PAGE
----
Inflexible external speaker support optionsThe Google speaker offers neither a 3.5mm stereo line-level output jack (that would support connection to a hi-fi audio stereo system) nor a Bluetooth connection for pairing with numerous external Bluetooth speakers.  So you cannot add smart speaker functionality to just any set of amplified speakers without a Chromecast receiver, sold separately.

Available abilities need further development.  Some abilities currently offer sketchy documentation on how to utilize all of their capabilities.  Some offer scant features that do not fully represent the smart devices they’re supposed to be designed to control.  However, we predict that this inadequacy will fade as a prominent issue as the technology grows up.

The Google Home app can be slow and sometimes buggy.  As with all tablet apps, program crashes are not unheard of in the Google Home app.  And since this app relies on the speed and quality of the supporting internet connection, it can at times run slowly and take a long time to respond to menu and button taps.

No Programmable wake command.  To get Google Home’s attention, you choose from two possible phrases (Okay Google and Hey Google).  We’d prefer instead, a customizable wake command that could be ANYTHING we can say; not just a couple phrases.  Multiple wake commands would also be a plus.

Limited voice training feedback.  Google maintains a history list of the questions and commands you’ve recently issued, which you may opt away from by the way, and they say that the assistant does indeed learn how to better understand you from these recordings.  However, no method we could find allows you to provide feedback for the questions you asked.  But we feel that you should be able to provide detailed feedback about whether Google Home properly understood each question and then provided the correct answers.  This would help the system and its developers learn the “correct” responses to various queries.  Further, unlike the Amazon Alexa assistant, we found no voice training feature that would enable Google Home to learn the particulars of your specific voice, by having you read a series of small phrases into its memory.  Then, armed with the knowledge of how you speak those phrases, Google would better understand your particular speech patterns, which could reduce misunderstood questions and commands.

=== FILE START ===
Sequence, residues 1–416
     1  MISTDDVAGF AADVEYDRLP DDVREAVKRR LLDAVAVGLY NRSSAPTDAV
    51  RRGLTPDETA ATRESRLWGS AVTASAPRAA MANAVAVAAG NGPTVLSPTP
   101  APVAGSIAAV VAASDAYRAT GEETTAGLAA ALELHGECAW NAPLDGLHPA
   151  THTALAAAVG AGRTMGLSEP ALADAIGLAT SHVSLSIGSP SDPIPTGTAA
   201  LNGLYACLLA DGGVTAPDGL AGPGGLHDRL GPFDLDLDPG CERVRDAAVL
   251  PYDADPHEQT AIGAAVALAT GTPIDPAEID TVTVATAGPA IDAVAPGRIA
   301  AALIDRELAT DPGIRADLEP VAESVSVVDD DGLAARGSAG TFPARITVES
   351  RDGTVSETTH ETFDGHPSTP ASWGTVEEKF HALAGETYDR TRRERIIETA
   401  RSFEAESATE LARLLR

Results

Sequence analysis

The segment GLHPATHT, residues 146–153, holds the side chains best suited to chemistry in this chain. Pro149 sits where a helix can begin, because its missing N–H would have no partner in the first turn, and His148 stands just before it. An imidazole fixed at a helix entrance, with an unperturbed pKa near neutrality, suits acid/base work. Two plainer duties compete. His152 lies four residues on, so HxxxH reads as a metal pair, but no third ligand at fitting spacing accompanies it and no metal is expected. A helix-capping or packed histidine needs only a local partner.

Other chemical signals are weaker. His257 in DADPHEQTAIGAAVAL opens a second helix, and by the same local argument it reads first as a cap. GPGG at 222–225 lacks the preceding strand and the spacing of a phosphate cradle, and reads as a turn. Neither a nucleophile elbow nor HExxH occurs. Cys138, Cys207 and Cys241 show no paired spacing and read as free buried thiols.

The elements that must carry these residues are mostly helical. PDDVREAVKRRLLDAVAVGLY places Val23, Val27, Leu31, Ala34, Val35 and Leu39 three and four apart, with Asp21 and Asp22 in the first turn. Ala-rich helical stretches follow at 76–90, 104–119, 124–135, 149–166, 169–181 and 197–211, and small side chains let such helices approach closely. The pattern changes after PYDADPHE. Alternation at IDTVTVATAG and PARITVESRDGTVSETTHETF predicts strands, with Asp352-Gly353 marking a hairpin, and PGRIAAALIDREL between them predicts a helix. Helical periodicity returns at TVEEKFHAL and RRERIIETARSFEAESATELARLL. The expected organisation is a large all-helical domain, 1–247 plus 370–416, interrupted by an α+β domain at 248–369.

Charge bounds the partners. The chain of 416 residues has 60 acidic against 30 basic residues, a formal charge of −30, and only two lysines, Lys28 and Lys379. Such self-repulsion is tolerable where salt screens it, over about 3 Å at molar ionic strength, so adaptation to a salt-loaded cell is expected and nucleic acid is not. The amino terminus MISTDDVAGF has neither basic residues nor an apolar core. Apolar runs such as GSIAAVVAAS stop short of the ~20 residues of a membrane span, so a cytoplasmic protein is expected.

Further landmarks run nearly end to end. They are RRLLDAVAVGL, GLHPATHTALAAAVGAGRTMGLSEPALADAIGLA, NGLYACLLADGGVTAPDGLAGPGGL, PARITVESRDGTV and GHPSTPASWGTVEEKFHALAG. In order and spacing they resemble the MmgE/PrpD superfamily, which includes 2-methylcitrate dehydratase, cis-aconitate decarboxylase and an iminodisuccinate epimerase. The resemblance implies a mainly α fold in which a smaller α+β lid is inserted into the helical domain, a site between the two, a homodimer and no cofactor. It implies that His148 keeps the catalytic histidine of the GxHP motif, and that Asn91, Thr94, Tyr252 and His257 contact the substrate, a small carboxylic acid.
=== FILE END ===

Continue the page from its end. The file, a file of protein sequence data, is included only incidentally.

Bluetooth pairing not available as of yet. As of this writing, you cannot yet pair your Google Home with an external Bluetooth speaker, nor can you utilize your Google Home AS a Bluetooth speaker itself.

No battery power provision.  Unlike the Amazon Tap, with no internal battery, the Google speaker must be plugged into AC power to function.